JOnline: What E-commerce Audit Planners Should Remember: The Top 10 Global CSFs for B2B Audit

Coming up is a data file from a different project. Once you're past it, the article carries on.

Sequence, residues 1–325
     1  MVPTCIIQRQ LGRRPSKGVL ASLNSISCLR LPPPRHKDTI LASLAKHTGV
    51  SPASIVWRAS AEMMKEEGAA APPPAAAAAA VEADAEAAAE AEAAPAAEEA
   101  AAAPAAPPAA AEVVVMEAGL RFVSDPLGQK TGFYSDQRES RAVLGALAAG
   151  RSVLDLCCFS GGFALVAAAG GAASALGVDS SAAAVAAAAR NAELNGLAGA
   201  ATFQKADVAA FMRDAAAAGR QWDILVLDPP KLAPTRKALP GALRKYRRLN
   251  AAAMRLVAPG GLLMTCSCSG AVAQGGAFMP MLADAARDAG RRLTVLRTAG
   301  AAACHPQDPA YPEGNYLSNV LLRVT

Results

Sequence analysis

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Professional information systems (IS) auditors are faced with several difficult decision-making situations while maintaining their professional integrity and independence, especially if the client happens to be heavily involved in business-to-business (B2B) e-commerce. Therefore, the B2B e-commerce audit engagement planners are faced with the daunting task of planning critically needed human resources for auditing extremely complex technologyrich audit environments. Mostly, these audit planners intuitively decide on the choice of such dissimilar and difficult-to-obtain resources based on their own cost-benefit analysis, using highly subjective judgment and experiential learning. The top 10 critical success factors (CSFs) for achieving success in B2B e-commerce audit engagement resource planning programs are presented in this article. These CSFs are identified through a globally administered web-based survey of IS audit professionals1 experienced in various levels of the audit organization.